But the most innovative schools around the world do not tend to be the ones with the most innovative technology inside them. To American exchange students, the difference can be disorienting. Kristin De Jesus is currently attending a public school in South Korea through an international study program called Youth for Understanding. De Jesus came to Korea, which consistently ranks at the top of the world in international exams, from a high school outside of San Diego, where she would be a junior.
In her Korean school, near Seoul, her classmates have iPod touches and iPhones and play Nintendo, just like her classmates in America. But the classroom itself is austere. "In California, we use white boards, while in Korea they use chalkboards," she says. "There is a dirt field outside. We have a projector, that's about it." Back home, teachers would hand out Mac laptops for kids to work on in class. But in Korea, the only computers are older PCs, and they remain in the computer lab, which is used only once a week for computer class.
South Korean classroom. Click image to expand.So how to explain that these old-fashioned classrooms tend to crank out kids who possess far more of the math and science skills valued by modern-day employers? For one thing, while the American school day can be as short as six hours, Korean kids attend school about eight or nine hours a day—and then many of them continue studying alone or with tutors until late into the night. Korean parents also put enormous pressure on kids to study. "The American system is a lot easier," De Jesus says. "When I was in California, I barely ever studied and did pretty well in my classes."

School does not have to be grueling to be good. In Finland, the schools have almost nothing in common with the pressure-cooker classrooms of Korea. Finnish students start going to school a year later than American kids, and they do less homework on average. Standardized tests are rare. And yet, in 2006, Finnish teenagers ranked first in math and science among 30 OECD countries. (The United States ranked 25th in math and 21st in science.)
Around the world, countries have found a variety of ways to make schools work—even for poor kids or immigrant kids. They spend less money per pupil than we do but distribute it more efficiently and more equitably. More importantly perhaps, school systems in Singapore, Finland, and Korea recruit 100 percent of their teachers from the top one-third of their academic cohort, according to a 2010 McKinsey & Co. report, "Closing the Talent Gap."In the United States, about 23 percent of new teachers—and only 14 percent in high-poverty schools—come from the top one-third. "It is a remarkably large difference in approach, and in results," the report concludes.
Even within the United States, the best schools are not the most tricked-out ones. In Southeast D.C., Lisa Suben teaches fifth-grade math at KIPP DC: AIM Academy, one of 99 Knowledge Is Power Program charter schools around the country. When her students come into her classroom, they perform about two years behind, on average. By the time Suben has had nine months with them, they are mastering grade-level work.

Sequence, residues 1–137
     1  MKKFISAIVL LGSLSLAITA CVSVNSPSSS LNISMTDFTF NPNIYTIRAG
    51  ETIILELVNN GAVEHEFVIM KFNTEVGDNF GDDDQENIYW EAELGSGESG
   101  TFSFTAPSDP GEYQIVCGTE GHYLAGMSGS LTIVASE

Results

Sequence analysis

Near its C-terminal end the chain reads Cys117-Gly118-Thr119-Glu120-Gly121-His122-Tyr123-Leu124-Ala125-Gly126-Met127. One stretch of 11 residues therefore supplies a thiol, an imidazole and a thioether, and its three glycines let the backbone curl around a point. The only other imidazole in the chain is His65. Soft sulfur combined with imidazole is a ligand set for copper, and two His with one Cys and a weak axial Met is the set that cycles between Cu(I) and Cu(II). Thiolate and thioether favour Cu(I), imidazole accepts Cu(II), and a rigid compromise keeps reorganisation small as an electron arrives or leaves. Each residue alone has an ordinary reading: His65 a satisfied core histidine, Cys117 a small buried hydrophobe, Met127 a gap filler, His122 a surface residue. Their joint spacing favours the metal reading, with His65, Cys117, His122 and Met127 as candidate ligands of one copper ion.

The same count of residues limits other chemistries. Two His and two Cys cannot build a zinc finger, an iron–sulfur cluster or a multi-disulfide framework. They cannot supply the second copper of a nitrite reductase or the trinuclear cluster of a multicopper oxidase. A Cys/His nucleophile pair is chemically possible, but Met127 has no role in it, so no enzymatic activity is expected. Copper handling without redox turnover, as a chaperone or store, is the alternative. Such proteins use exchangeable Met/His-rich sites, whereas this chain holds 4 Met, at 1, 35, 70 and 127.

Watching Suben teach on a recent October afternoon, I initially forgot to note whether her classroom contained any modern-day technology. Her class of 31 African-American students sat spellbound as she led them in call-and-response chants to practice their multiplication tables, pasted stickers on their foreheads for getting questions right, and timed how long it took them to get all their homework into a pile in the first row (18 seconds).
Finally, I remembered why I was there. I counted four computers in the back of the room, an ink-jet printer, and an overhead projector that looked to be at least 15 years old. Later, I asked Suben, who has been teaching for eight years, what the perfect classroom would look like. "If I were designing my ideal classroom, there'd be another body teaching. Or there'd be 36 hours in the day instead of 24."
Suben, like most great teachers, is in a hurry. She said computers can be useful, but mostly because they save her time—by assessing what her kids know more efficiently than she can. Three times a year, her students take computer-adaptive tests, which get harder as the student goes along. Suben gets the results instantly, which means she can see how a student is doing compared with the other kids in her class, the school, and around the country. "It might say, 'You know how to round to the hundreds, but you don't know how to round to the thousands?' That's, for me, an aha moment."
Ask middle-school teachers what they would like to change about classroom design, and they suggest a bathroom for the kids. When I ask Suben which gadget she would bring with her if she had to teach on a desert island, she chooses the overhead projector, without hesitation. "I wouldn't be able to give up the overhead, because then I'd have to turn my back to the class," she said. The oldest technology in the room is the one that helps her the most with a fundamental human skill—presenting material while staying connected to every student in the room, watching who is getting it and who is not, without having to turn to write on a chalkboard.
The KIPP charter schools have proved to be among the most effective schools in the country. But their classrooms would be very familiar to anyone who went to school before there was such a thing as charters. KIPP DC founder and former teacher Susan Schaeffler says she could theoretically put a fancy interactive white board in every classroom in Suben's school for about $300,000. But, she adds, only about half the teachers would use them. "I'd rather pay Lisa Suben more to stay forever."